Thursday, May 2, 2013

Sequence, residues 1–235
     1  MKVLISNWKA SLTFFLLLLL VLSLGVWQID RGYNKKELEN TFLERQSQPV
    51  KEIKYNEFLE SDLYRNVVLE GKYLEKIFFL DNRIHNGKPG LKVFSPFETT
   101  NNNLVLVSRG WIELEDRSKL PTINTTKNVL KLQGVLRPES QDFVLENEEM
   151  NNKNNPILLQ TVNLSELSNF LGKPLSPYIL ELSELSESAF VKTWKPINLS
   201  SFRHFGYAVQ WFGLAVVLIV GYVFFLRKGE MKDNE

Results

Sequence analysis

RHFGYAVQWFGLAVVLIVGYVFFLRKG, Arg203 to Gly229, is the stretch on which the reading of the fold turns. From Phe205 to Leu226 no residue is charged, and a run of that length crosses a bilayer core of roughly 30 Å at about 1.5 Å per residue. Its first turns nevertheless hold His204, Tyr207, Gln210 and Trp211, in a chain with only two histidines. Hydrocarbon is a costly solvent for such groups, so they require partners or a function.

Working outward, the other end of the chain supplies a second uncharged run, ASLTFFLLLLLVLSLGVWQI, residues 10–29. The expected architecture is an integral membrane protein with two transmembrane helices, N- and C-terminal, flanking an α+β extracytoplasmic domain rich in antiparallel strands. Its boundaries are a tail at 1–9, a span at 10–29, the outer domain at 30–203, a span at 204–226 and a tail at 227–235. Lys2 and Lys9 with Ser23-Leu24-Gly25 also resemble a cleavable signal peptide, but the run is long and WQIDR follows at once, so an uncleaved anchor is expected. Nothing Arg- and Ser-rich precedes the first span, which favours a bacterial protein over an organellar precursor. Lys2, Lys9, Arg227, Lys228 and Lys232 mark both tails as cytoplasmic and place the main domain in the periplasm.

Cuban intervention had a substantial impact on Southern Africa, especially in defending the MPLA's control over large parts of Angola as well as helping secure Namibia's independence. As W. Freeman, ambassador, US state department, department for African policies, put it into words: "Castro could regard himself as father of Namibia's independence and as the one who put an end to colonialism in Africa. Indeed, Cuba demonstrated responsibility and maturity.". On July 26, 1991, on occasion of the celebrations of the 38th anniversary of the start of the Cuban Revolution, Nelson Mandela delivered a speech in Havana to personally thank Cuba for its role in Angola: "The Cuban people hold a special place in the hearts of the people of Africa. The Cuban internationalists have made a contribution to African independence, freedom and justice unparalleled for its principled and selfless character - We in Africa are used to being victims of countries wanting to carve up our territory or subvert our sovereignty. It is unparalleled in African history to have another people rise to the defence of one of us - The defeat of the apartheid army was an inspiration to the struggling people in South Africa! Without the defeat of Cuito Cuanavale our organizations would not have been unbanned! The defeat of the racist army at Cuito Cuanavale has made it possible for me to be here today! Cuito Cuanavale was a milestone in the history of the struggle for southern African liberation!" After the fall of white-minority rule in 1994, South Africa and Cuba established full diplomatic relations on 11 May 1994. Destroyed lighthouse in Lobito, Angola, 1995 Cuban intervention had also been criticized mainly due to human right abuses with Dr. Peter Hammond, a Christian missionary who lived in Angola at the time, recalling: "There were over 50,000 Cuban troops in the country. The communists had attacked and destroyed many churches. MiG-23s and Mi-24 Hind helicopter gun ships were terrorising villagers in Angola. I documented numerous atrocities, including the strafing of villages, schools and churches." In a national ceremony on 7 December 1988, all Cubans killed in Africa were buried in cemeteries across the island. According to Cuban government figures, during all of the Cuban foreign intervention missions carried out in Africa from the early 1960s to the withdrawal of the last soldier from Angola on May 25, 1991, a total of 2,289 Cubans were killed. Other analysts have noted that of 36,000 Cuban troops committed to fighting in Angola from 1975 to 1979, reported combat deaths figures range from 3,000 to less than 10,000. Free elections in Namibia were held in November 1989 with SWAPO taking 57% of the vote in spite of Pretoria's attempts to swing the elections in favor of other parties. (see Martti Ahtisaari and History of Namibia). Namibia gained independence in March 1990. The situation in Angola was anything but settled and the country continued to be ravaged by civil war for more than a decade. The MPLA won the 1992 election, however eight opposition parties rejected the 1992 election as rigged. UNITA sent peace negotiators to the capital, where the MPLA murdered them, along with thousands of UNITA members. Savimbi was still ready to continue the elections. The MPLA then massacred tens of thousands of UNITA voters nationwide, in an event known as the Halloween Massacre. UNITA leader Jonas Savimbi would not accept the results and refused to join the Angolan parliament as opposition. Again UNITA took up arms, financed with the sale of blood diamonds. The civil war ended in 2002 after Jonas Savimbi was killed in battle.

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